Then Jo’s fingers are cupping her cheeks and she’s kissing her with the vigour of someone who’s been given a second chance and doesn’t know if they’re going to get a third, like she’s giving Kate something to remember her by. It’s urgent and desperate and Kate gives every bit as good as she gets because she can feel it, too. It’s like every heightened emotion they’ve suffered through since that phone call this morning has morphed into this frantic, insatiable need. They tug at each other’s clothes until they’re lying in a heap on the floor and it’s nothing like last night because now they can’t afford to take their time. Now they don’t know how much time they have left.

Kate spent most of last night learning what makes Jo gasp and moan and beg for more, so now she puts the knowledge to good use. Her hands and mouth move in a flurry of activity, gravitating to the spots that she knows are going to elicit the reaction she wants, until Jo’s so lost in her own desire that she can’t focus on satisfying Kate’s anymore – but she doesn’t need to, because seeing her like this is gratifying enough. Then Kate nips and sucks and kisses her way around Jo’s shoulders until she’s embracing her from behind, grazing her lips against the column of Jo’s neck, and she can’t think about Maneet now - she won’t - because Jo’s pulse is pounding; racing in response to her touch. She palms Jo’s boobs, teasing and pinching her nipples until Jo’s bucking against her, ass grinding against her hips, back bashing against her boobs. Then she moves one of her hands to splay against Jo’s stomach, inching lower, and Jo’s head lolls against her chest.

“Kate – ”

It’s breathy and desperate and Jo’s tilting her face upwards, fisting a hand in her hair, drawing her into another ravaging kiss. The angle should feel awkward, but it doesn’t, it just lets Kate delve a little deeper; drink more of her in.

She slips a hand between Jo’s thighs, relishing the way Jo’s breath hitches in anticipation and how her mouth suddenly stills, like she’s too distracted to think about anything else. Kate doesn’t ask for permission this time – she doesn’t need to because Jo’s hand is suddenly on top of hers, urging her to continue. She lets Jo set the pace and it’s hard and fast and Kate squeezes her eyes shut, consumed by the sensation of Jo rocking against her hand, chanting her name, flooding with desire. She knows what it feels like now, to ease her way inside of Jo and lose herself in liquid heat, to feel Jo tighten and expand around her fingers, how Jo’s breathing changes when she finds the right rhythm and hits the right spot. It’s intoxicating; exhilarating. She knows, now, that sex was never supposed to feel like a chore, but she had no idea it could be this good. She wraps her arm across Jo’s chest, pulling her closer, until they’re sandwiched together and she can feel every jerk and thrust of her body, until the tension that’s been coiling inside of her is ready to snap. Jo clutches her arm and then twines their fingers together, dragging Kate’s free hand back towards her nipple and then over her stomach while Kate uses her other hand to circle Jo’s clit, keeping the pressure consistent. When she slips two fingers inside of her again, she can feel Jo twitching around her, hear from her breathless whimpers that she’s close.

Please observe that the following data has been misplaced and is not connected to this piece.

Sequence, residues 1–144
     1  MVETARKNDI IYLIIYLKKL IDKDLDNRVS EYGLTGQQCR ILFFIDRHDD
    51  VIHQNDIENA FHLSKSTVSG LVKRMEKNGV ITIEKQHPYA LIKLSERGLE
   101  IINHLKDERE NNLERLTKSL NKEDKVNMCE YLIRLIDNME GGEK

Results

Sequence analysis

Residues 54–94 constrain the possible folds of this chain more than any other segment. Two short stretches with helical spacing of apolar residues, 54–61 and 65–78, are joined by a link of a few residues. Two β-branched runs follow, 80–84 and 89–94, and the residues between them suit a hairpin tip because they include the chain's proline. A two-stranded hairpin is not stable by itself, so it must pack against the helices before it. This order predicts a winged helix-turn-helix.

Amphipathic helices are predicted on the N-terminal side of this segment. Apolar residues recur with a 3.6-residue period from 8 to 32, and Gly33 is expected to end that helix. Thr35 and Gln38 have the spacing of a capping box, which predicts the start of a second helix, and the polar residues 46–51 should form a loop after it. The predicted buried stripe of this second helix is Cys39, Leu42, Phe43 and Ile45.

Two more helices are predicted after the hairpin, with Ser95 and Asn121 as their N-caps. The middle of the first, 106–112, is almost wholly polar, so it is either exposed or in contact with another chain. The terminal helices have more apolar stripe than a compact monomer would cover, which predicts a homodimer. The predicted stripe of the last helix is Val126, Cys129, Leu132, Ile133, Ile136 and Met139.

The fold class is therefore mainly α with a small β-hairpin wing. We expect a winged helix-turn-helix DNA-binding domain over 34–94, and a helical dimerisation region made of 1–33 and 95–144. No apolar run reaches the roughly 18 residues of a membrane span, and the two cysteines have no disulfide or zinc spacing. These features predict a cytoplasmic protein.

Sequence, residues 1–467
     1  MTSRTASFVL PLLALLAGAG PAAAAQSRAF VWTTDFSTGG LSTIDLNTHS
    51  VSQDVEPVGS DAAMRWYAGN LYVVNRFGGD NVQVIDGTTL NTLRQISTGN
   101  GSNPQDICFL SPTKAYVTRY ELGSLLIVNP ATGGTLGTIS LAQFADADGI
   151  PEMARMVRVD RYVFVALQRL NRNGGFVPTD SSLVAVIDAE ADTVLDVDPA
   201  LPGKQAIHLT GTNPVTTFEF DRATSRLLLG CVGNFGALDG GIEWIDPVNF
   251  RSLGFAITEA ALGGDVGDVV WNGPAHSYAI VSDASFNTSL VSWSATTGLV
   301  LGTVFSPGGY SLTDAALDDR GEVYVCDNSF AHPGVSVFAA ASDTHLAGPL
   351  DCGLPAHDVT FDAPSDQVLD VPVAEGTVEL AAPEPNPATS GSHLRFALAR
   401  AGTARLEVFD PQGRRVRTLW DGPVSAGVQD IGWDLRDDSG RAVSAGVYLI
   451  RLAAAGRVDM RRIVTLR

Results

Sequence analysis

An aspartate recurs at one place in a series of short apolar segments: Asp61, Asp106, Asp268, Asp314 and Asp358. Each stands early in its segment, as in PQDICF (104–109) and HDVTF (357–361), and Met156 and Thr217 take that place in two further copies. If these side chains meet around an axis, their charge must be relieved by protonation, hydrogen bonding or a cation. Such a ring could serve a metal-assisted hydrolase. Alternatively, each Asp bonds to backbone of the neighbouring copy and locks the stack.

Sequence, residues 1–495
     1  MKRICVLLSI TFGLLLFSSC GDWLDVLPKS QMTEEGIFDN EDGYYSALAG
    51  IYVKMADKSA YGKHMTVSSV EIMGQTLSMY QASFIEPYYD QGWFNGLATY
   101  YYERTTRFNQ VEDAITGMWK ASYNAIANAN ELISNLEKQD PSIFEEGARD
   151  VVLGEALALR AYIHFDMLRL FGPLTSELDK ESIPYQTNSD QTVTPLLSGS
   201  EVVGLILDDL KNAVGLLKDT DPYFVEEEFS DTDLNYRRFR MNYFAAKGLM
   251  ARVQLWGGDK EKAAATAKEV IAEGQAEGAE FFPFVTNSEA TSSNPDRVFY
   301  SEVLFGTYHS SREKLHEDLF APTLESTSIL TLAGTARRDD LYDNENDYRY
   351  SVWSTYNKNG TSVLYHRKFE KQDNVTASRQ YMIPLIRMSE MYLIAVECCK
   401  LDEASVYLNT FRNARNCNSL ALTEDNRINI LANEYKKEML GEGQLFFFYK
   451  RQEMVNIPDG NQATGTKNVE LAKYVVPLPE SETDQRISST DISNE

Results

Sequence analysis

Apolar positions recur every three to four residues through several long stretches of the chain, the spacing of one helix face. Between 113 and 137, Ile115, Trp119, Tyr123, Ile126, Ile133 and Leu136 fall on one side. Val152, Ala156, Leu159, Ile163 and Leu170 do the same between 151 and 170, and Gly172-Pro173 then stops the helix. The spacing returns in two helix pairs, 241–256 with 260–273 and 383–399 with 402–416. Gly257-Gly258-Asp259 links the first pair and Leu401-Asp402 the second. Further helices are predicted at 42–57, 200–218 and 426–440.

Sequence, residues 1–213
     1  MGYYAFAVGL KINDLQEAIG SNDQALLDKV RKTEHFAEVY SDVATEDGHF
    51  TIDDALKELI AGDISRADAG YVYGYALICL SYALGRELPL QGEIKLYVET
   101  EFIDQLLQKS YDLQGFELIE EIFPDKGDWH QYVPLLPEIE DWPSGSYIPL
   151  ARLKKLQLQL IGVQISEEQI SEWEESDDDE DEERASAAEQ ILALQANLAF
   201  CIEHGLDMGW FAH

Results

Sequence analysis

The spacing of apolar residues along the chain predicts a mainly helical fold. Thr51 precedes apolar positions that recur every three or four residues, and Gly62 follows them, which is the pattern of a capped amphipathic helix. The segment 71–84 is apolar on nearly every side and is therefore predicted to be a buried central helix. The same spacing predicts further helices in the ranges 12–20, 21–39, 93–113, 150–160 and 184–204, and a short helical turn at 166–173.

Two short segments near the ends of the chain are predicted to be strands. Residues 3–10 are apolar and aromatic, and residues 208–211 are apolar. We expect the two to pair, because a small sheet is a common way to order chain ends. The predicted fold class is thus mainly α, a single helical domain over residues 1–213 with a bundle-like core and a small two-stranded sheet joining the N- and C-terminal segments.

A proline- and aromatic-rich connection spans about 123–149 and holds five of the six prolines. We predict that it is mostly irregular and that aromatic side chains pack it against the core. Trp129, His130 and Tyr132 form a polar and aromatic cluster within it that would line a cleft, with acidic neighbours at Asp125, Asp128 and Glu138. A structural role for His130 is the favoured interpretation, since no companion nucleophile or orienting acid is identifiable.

“Do you have any idea what you do to me?” she rasps, directly into Jo’s ear. She licks a path from Jo’s earlobe to her shoulder and then Jo’s crying out as she comes, trusting Kate to keep her upright as her whole body shudders and then goes slack. And Kate feels better now, like she’s back in control again and her whole world isn’t in danger of collapsing, until Jo drops to her knees in front of her and her hands settle purposefully against the back of Kate’s thighs.

Kate’s eyes widen a little because they didn’t do this last night, and now she’s remembering their conversation from this morning, and she doesn’t want Jo to feel compelled to do something she isn’t comfortable with – something Kate’s not entirely sure she’s comfortable with, given that she and Mark had an unspoken agreement where he didn’t put his dick anywhere near her face and she never expected him to disappear under the covers. But Jo doesn’t even hesitate, and Kate’s reservations weaken a little when she feels warm breath cascading over her, somehow every bit as titillating as Jo’s touch. Jo settles between her legs with an appreciative moan and it only takes a few laps of her tongue for Kate to stop fretting about how she’d really prefer to shower first, given that she’s just worked up five hours of nervous sweat.